antifreeze is a complex sugar called xylomannan). The spores of the bacterial species of Bacillus have endured having been heated to the temperature of 420 ° C . [4]
However, we discuss here the environment that is suitable for the appearance of (more complex forms of) life, because only when life appears and progresses to a certain level, there is a possibility to discuss the conditions, in which life can survive and adapt. Such an environment does not include extreme temperatures, in which survive such organisms that were created somewhere else and have evolved to survive in the extreme conditions. The appearance of life needs an optimal and balanced temperature in a long period of time. Besides such an atmosphere, these objects must have significant quantities of compounds that are a base to create life. The problem of our (star system's) planets is they have no liquids that would stay in the same place in the liquid form for a long period of time.

5. Conclusion
In reality, the appearance and progress of life are to be expected on all objects, but only during a particular period of time and under the conditions, needed for such an object to progress. Finally, these conditions come down to the achievement of the melted interiority and an independent rotation – which should not be extremely slow. Under these conditions, geological processes become very active. In the process of interaction of the melted interiority with crust, atmosphere and liquids in or on the crust, a complex atoms and compounds are created. Inside our system, nowadays only Earth meets these conditions. __________________________________________________________________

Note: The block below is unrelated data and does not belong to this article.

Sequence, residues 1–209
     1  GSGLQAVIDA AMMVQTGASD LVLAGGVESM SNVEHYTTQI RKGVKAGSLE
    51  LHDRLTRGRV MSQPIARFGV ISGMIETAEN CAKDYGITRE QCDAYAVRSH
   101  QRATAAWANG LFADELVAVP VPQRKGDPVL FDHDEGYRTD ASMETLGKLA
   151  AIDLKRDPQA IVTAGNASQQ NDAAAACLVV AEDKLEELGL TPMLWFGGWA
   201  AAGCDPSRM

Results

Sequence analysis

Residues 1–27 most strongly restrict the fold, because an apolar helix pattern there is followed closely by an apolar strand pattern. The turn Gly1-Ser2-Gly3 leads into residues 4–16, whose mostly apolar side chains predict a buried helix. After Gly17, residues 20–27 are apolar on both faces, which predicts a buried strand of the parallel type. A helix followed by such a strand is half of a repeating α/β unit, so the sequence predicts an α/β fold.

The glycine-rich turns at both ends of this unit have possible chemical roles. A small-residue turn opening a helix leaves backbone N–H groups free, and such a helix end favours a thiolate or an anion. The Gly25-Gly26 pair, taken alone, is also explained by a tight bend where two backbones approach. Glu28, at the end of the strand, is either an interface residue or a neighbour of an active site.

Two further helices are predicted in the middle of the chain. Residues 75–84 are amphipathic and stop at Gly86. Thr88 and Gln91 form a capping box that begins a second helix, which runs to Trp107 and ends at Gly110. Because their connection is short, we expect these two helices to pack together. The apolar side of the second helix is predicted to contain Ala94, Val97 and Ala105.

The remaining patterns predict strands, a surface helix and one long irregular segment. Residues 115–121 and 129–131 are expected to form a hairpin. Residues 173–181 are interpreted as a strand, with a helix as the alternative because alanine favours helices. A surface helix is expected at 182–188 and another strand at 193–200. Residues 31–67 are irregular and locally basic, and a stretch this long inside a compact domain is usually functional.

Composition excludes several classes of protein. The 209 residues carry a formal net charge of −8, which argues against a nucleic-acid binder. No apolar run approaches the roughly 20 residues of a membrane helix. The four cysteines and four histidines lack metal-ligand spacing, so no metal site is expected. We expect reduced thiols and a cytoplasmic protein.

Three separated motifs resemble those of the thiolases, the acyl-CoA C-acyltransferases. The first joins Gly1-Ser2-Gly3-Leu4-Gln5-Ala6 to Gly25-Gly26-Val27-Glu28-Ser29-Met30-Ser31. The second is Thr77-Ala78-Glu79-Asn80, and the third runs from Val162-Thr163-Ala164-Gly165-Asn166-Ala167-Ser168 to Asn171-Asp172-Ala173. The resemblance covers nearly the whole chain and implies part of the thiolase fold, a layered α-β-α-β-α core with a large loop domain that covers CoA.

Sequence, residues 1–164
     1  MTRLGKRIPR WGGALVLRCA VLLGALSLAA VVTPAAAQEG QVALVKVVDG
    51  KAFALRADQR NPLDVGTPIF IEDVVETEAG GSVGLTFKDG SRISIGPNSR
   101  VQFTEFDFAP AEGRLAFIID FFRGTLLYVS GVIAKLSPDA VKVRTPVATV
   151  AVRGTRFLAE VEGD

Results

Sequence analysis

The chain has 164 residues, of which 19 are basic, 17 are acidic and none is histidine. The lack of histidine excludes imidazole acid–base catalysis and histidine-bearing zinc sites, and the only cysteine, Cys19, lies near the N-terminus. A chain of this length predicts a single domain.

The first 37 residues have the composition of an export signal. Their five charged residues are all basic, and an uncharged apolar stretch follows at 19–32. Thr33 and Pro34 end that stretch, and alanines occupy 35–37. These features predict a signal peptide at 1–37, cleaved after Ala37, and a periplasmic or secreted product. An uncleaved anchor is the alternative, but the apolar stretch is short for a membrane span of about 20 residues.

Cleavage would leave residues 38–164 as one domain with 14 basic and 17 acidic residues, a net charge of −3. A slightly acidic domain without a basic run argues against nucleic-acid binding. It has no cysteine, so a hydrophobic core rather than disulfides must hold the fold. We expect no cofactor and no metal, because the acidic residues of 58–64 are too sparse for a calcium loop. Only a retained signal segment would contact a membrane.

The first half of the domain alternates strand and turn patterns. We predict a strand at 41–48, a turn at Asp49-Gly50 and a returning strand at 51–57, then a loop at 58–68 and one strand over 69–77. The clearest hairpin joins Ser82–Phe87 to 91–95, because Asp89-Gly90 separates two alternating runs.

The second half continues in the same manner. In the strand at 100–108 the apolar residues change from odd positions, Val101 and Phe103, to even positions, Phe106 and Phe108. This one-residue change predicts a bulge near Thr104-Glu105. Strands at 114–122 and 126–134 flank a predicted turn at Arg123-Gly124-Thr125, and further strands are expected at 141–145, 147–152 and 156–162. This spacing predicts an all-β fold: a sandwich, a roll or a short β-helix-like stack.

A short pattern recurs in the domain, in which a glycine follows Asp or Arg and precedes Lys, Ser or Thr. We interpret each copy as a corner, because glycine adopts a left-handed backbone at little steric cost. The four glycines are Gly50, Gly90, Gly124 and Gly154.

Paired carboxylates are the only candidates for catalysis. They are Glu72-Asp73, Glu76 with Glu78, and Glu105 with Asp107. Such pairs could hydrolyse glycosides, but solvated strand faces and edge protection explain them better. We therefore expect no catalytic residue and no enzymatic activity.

Reference
[1].https://www.academia.edu/37363821/A_Constant_Growth_Rotation_And_Its_Effects_Cyclones_Light_And_Redshift_With_Images  „2. A Constant Growth of Objects And Systems Inside the Universe“ W.D.
[2]. https://www.ijsciences.com/pub/pdf/V82019021908.pdf  „Effects of Rotation Araund the Axis on the Stars, Galaxy and Rotation of Universe“ „Effects of Rotation Araund the Axis on the Stars, Galaxy and Rotation of Universe“ 2.6. „The Types of Stars with Similar Mass and Temperature Axis“ DOI: 10.18483/ijSci.1908
[3]. https://en.wikipedia.org/wiki/Extremophile#Characteristics
[4]. https://asknature.org/strategy/unique-antifreeze-protects-from-extreme-cold/ „A sugar-based polymer produced by an Alaskan darkling beetle keeps cell contents from freezing in extreme cold temperatures by attaching to the cell membrane.“

 

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The Processes Which Cause the Appearance of Objects and Systems

Published in American Journal of Astronomy and Astrophysics.
http://www.sciencepublishinggroup.com/journal/paperinfo?journalid=301&doi=10.11648/j.ajaa.20180603.13
Author, Weitter Duckss
Independent Researcher, Zadar, Croatia

Abstract
The beginning of the formation of galaxies can be recognized in the planetary and stellar systems.
The rotation speed of a galactic center determins the form of a galaxy an the ongoing processes. The forces of attraction and the rotation of stars firstly form binary systems.